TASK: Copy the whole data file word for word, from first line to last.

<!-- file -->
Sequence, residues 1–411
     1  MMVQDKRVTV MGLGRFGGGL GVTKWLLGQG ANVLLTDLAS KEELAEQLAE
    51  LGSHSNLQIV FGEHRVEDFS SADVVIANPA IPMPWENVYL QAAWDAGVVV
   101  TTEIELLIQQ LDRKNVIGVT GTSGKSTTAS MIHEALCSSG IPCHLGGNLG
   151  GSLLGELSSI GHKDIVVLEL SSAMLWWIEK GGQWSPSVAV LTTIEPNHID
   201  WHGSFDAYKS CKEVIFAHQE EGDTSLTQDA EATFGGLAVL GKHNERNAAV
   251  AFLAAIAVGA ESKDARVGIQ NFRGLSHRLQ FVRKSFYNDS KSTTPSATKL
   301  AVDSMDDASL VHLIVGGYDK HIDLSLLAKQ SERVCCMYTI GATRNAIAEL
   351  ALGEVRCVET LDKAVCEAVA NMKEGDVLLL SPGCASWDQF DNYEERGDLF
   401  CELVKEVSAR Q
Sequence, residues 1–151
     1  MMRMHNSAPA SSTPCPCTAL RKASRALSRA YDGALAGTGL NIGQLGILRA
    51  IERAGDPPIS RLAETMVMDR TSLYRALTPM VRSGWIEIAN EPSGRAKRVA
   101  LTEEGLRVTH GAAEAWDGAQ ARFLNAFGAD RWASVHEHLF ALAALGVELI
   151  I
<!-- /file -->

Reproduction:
Sequence, residues 1–411
     1  MMVQDKRVTV MGLGRFGGGL GVTKWLLGQG ANVLLTDLAS KEELAEQLAE
    51  LGSHSNLQIV FGEHRVEDFS SADVVIANPA IPMPWENVYL QAAWDAGVVV
   101  TTEIELLIQQ LDRKNVIGVT GTSGKSTTAS MIHEALCSSG IPCHLGGNLG
   151  GSLLGELSSI GHKDIVVLEL SSAMLWWIEK GGQWSPSVAV LTTIEPNHID
   201  WHGSFDAYKS CKEVIFAHQE EGDTSLTQDA EATFGGLAVL GKHNERNAAV
   251  AFLAAIAVGA ESKDARVGIQ NFRGLSHRLQ FVRKSFYNDS KSTTPSATKL
   301  AVDSMDDASL VHLIVGGYDK HIDLSLLAKQ SERVCCMYTI GATRNAIAEL
   351  ALGEVRCVET LDKAVCEAVA NMKEGDVLLL SPGCASWDQF DNYEERGDLF
   401  CELVKEVSAR Q
Sequence, residues 1–151
     1  MMRMHNSAPA SSTPCPCTAL RKASRALSRA YDGALAGTGL NIGQLGILRA
    51  IERAGDPPIS RLAETMVMDR TSLYRALTPM VRSGWIEIAN EPSGRAKRVA
   101  LTEEGLRVTH GAAEAWDGAQ ARFLNAFGAD RWASVHEHLF ALAALGVELI
   151  I